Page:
Matthew 1.21



1.   In four days the western world will celebrate the birth of the Lord Jesus Christ, on a day that is universally referred to as Christmas Day.  In the eastern world the birth of Jesus Christ is, for the most part, not celebrated, and where it is celebrated it is in some quarters celebrated on another day than December 25th.

2.   The great tragedy of the western world is that among those who celebrate the birth of Jesus Christ there are many who under cover of fancy words and euphemisms pretend to celebrate the birth of the Son of God, all the while denigrating Him.

3.   Listen to this tripe I received in the mail, containing a quote which was written by a covert infidel wearing a Batman costume and receiving a salary from people he was harming more than he was helping:  “This miracle of incarnation (God made flesh) is not just about Jesus, born in a manger.  The real miracle is that God continues to take flesh in you and me.  The miracle here is that not only are we recipients of God’s love, we are also bearers of that love.  The Love of God was made flesh first in Bethlehem, and ever since - today and tomorrow - God’s love is made fresh with my arms and yours, with our hands and hearts.”[1]

4.   Excuse me, but Christmas is too “just about Jesus.”  Christmas loses its meaning when it becomes about anything other than “just about Jesus.”  Besides, He was not born in a manger.  He was born and then placed in a manger.[2]  I also take issue to the statement, “The real miracle is that God continues to take flesh in you and me.”  By any real definition of what is miraculous the incarnation was most definitely a miracle. 

5.   Unless, of course, you deny that Jesus was the virgin born Son of the living God, deity incarnate.  Many who celebrate Christmas really do, when all is said and done, deny the miracle of the virgin birth.  They like the religious aspects of Christianity.  They find the ceremony and ritual advantageous.  But they do not accept as historically accurate the miracles upon which Christianity is founded.

6.   I would like for you to turn to Matthew 1.21, our text for today, as I make several comments about Christianity in general and Christmas specifically.  I believe in God.  I believe God is apart from His creation, though everywhere present in His creation.  I believe God is a personal being who created the universe and all that herein is in six literal, 24 hour, days, as the Bible teaches.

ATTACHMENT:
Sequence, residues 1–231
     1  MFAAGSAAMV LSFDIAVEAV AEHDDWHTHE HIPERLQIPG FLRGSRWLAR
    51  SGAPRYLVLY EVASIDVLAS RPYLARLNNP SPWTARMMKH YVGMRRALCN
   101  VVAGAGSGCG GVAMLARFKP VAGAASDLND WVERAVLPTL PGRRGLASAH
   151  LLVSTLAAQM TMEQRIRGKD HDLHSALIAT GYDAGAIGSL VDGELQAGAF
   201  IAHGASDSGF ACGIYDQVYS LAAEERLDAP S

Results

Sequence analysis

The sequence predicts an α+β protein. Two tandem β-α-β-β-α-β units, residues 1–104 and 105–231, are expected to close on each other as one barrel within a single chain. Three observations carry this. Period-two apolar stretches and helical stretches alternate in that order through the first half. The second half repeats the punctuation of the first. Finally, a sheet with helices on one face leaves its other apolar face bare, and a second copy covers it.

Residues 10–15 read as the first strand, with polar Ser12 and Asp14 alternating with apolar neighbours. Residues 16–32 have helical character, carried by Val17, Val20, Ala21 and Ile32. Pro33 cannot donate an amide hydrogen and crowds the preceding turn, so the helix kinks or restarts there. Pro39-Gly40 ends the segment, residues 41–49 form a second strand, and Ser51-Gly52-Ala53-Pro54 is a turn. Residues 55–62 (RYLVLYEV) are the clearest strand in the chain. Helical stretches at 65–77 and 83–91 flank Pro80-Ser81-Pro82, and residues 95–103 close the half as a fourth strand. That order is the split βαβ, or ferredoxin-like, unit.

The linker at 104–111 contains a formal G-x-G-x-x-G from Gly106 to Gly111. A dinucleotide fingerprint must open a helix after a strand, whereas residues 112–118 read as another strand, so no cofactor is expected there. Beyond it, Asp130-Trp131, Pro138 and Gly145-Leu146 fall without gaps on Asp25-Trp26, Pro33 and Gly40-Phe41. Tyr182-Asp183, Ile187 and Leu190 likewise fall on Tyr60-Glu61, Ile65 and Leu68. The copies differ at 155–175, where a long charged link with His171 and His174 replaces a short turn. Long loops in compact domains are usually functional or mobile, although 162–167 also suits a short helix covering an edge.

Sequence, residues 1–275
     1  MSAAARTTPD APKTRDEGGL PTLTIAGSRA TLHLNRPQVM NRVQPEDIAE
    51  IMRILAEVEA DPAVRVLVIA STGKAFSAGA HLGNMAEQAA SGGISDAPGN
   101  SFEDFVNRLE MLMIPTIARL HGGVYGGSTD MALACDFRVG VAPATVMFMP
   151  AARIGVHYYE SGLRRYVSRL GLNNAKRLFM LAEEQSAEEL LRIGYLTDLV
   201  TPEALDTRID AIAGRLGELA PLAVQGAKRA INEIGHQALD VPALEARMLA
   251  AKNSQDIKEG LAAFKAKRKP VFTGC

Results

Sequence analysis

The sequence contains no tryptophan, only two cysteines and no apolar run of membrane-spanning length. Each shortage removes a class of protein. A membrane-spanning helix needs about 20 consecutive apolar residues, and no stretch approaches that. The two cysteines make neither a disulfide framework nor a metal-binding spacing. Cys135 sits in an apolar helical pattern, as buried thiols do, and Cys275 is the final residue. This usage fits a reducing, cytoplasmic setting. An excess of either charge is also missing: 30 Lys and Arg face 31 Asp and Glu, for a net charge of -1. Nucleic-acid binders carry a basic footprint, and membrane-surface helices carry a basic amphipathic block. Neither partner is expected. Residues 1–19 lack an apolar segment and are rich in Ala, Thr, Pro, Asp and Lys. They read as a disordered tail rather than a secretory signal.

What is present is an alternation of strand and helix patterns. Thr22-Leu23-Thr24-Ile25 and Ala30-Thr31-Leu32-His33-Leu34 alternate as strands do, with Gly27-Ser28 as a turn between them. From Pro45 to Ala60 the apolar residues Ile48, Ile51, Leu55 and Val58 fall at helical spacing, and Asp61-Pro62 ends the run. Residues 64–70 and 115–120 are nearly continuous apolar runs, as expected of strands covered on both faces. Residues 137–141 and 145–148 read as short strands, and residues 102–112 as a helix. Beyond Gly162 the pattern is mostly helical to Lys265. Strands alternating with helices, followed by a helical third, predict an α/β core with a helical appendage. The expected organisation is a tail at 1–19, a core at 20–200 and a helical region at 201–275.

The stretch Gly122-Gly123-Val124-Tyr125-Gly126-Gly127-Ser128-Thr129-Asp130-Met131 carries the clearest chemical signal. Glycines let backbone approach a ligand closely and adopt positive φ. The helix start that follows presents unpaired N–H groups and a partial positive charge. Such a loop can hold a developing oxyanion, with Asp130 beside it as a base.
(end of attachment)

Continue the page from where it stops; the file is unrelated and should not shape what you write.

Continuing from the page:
7.   Yes, I believe the Bible, as well.  I believe the Biblical record is true and reliable, that the Bible is God’s Word, infallible and innerrant.  In the Bible are recorded many things, things that actually happened as the Bible says they happened.  Important among those events the Bible records are the stupendous miracles that form the basis of our understanding of the Christian faith.

8.   Central among those miracles are the miracles associated with Jesus Christ.  Jesus is the Second Person of the triune Godhead who created all things:  “All things were created by him; and without him was not anything made that was made.”[3]  The next stupendous miracle associated with Jesus Christ is what is called His incarnation, the miracle whereby the Second Person of the trinity became a man.

9.   Of course, being the sinless Son of the living God, Jesus required no human father.  Indeed, because of His sinless nature, He could have no human father.  Because He is the Son of God, for Him to become a man it was necessary for the Father to prepare a body for Him, so that He might be the sufficient sacrifice for sins that was pleasing to God.[4]

10. This made absolutely necessary the virgin birth of Jesus Christ, which culmination in His birth in Bethlehem, is really what we celebrate when we celebrate Christmas.  And it is in connection to His virgin birth that our text shows the reason for the great joy, the great delight, the sigh of relief, and the exuberance:  Deliverance from great danger.

11. Now that you have located Matthew 1.21, let us stand to read the final portion of the angel’s explanation to Joseph of why he should not divorce this young virgin he is engaged to:  “And she shall bring forth a son, and thou shalt call his name JESUS: for he shall save his people from their sins.”

12. Allow me to comment on three portions of the final phrase of this verse, “he shall save his people from their sins.”


1A.   First, “HE”

1B.    Not “They,” but “He.”  Not “We,” but “He.”  The Christmas event is all about the Lord Jesus Christ.  Therefore, do not confound the persons of the trinity when thinking on this grand subject by supposing that either the Father or the blessed Holy Spirit are referred to by the angel here.